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Lawrence Bergman

Lawrence Bergman, PhD


Department: Microbiology & Immunology


  • PhD - University of Virginia (1979)

Lawrence Bergman, PhD, is a professor in the Department of Microbiology & Immunology at Drexel University College of Medicine.

Research Overview

Research interests: Malaria; invasion; global gene expression; merozoite; sporozoite; actin-myosin; microarray; Plasmodium

Research staff: Tom Daly

Graduate students: Bethany Jenkins and Melody Robinson

Research Interests

Malaria, invasion, global gene expression, merozoite, sporozoite, actin-myosin, microarray, Plasmodium


Malaria is the most common and deadly parasitic disease in the world. A number of factors have contributed to making malaria as serious a problem now as it was during the first half of the twentieth century. In any given year, there will be 300-500 million cases of malaria and 1 to 3 percent of those who contract the disease will not survive. Over 90 percent of the cases and deaths occur in Africa. As bad as that is, some experts foresee as much as a 20 percent annual increase in Africa's rate of malaria-related illness and death. Each year the world over, malaria destroys, through premature death and disability, the equivalent of at least 35 million years of healthy, productive human life and to date, there is no effective subunit vaccine for malaria. The incidence of drug-resistant parasite is increasing worldwide. The sequencing of the Plasmodium falciparum (and Plasmodium yoelii), the Anopheles gambiae and the Homo sapiens (and Mus musculus) genomes, the three organisms that comprise the complex life cycle of the malaria parasite, is complete and will aid in the study of the complex interactions responsible for the disease. Our laboratory is undertaking the investigation of two diverse topics, the protein-protein interactions involved in the invasion pathway and the whole genome expression analysis of various stages of the parasite life cycle, to potentially identify new targets for immunologic or chemotherapeutic intervention.

The invasive stages of apicomplexan parasites actively penetrate host cells, an essential ability for maintaining an intracellular lifestyle. What has become clear is that numerous parasite and host cell components participate in the rapid invasion process. The process of parasite invasion also involves a unique actin-myosin based motor that is localized between the plasma membrane and the inner membrane complex, a structure formed by two closely aligned membranes and supported by microtubules. Transmembrane proteins displaying adhesive properties were predicted to link the extracellular substrates with the motor. Studies are underway to analyze the proposed merozoite specific parasite ligand that links the red blood cell being invaded to the parasite actin-myosin motor. Again, using the yeast two-hybrid system and a bioinformatic approach we have identified components that link the actin-myosin motor to the inner membrane complex and may form one of the junctions involved in linking the parasite to the RBC to be invaded. Using structural information of the myosin-myosin light chain complex, we have potentially identified small molecule inhibitors of the invasion process. These studies have further led us to initiate the characterization of a second unique parasite myosin motor and its role in the life cycle of the parasite.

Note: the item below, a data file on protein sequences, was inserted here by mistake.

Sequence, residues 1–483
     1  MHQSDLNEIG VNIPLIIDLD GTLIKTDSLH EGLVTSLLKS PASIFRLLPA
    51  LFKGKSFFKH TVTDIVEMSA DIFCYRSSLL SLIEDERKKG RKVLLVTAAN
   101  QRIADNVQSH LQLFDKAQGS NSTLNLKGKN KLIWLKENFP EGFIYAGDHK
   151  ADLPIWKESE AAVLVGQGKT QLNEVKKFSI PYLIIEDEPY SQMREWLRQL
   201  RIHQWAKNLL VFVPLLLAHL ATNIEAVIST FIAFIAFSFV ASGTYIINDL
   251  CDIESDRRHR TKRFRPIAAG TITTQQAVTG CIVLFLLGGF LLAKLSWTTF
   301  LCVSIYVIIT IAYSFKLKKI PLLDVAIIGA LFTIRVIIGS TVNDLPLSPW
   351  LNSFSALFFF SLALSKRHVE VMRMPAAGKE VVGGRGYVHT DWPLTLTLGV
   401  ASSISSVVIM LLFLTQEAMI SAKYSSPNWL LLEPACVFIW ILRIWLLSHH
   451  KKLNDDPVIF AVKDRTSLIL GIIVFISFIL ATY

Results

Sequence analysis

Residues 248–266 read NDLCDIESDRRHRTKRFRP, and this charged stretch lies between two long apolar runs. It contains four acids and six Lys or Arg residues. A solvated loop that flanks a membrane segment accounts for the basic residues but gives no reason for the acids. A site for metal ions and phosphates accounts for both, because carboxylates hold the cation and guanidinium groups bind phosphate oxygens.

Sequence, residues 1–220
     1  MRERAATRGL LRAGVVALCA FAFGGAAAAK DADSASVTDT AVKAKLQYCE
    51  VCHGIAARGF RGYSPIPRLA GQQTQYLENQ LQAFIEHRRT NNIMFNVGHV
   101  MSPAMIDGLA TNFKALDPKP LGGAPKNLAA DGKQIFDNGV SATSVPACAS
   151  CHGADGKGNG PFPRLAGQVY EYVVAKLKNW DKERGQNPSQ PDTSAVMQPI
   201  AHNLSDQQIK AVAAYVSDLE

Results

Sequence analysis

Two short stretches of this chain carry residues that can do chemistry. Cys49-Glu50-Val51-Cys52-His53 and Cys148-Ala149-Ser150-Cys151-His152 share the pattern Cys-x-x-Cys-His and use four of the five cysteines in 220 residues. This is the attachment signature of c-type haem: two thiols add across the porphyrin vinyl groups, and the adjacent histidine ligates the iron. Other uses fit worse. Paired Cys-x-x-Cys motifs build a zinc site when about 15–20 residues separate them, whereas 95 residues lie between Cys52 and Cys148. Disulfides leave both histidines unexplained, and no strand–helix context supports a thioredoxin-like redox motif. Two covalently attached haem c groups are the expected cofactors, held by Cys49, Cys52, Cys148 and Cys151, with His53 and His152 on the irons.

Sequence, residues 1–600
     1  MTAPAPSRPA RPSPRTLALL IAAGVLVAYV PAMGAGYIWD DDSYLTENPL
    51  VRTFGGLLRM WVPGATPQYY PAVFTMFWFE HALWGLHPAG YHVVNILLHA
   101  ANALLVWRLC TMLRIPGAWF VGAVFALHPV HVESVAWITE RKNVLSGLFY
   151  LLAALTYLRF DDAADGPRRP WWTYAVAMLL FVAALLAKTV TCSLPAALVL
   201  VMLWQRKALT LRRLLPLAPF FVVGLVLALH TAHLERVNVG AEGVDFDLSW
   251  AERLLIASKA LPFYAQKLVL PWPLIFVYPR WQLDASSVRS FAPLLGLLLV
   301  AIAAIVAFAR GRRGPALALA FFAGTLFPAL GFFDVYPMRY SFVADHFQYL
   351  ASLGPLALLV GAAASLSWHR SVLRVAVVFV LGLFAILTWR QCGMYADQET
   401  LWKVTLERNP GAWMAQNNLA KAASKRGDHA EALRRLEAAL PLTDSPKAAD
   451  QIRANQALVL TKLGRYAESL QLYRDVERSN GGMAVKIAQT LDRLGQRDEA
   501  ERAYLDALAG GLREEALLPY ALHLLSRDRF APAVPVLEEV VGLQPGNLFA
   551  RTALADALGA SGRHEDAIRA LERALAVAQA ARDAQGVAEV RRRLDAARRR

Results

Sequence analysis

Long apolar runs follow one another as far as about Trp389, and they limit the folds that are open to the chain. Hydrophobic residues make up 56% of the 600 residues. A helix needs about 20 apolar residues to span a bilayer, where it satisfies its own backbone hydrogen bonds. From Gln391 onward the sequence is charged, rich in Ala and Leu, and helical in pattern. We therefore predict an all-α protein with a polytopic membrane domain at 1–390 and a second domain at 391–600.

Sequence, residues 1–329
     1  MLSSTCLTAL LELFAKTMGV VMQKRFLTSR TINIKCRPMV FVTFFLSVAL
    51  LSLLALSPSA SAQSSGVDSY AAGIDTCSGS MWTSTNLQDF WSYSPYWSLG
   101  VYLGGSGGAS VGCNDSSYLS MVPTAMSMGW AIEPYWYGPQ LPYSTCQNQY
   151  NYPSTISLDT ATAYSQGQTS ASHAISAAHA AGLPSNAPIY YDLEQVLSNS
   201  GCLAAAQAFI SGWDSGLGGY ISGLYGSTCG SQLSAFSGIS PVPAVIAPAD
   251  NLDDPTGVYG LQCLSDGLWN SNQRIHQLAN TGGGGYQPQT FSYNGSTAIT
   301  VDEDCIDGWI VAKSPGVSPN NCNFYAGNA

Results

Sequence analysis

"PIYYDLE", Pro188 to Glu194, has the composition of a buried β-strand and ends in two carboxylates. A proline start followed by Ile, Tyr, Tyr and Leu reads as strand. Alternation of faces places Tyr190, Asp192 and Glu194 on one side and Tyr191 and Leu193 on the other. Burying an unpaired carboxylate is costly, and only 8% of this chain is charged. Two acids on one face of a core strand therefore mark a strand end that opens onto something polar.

The second major aspect of the work in the laboratory involves the use of long-oligonucleotide gene-specific microarray to examine global patterns of gene expression in various stages of the rodent malaria P. yoelii. We have begun to characterize several potential nucleic acid binding proteins and the effects of over-expression or depletion on the global pattern of gene expression in the parasite.


Selected publications
(See all Lawrence Bergman's publications in PubMed.)

"Platelet factor 4 activity against P. falciparum and its translation to nonpeptidic mimics as antimalarials"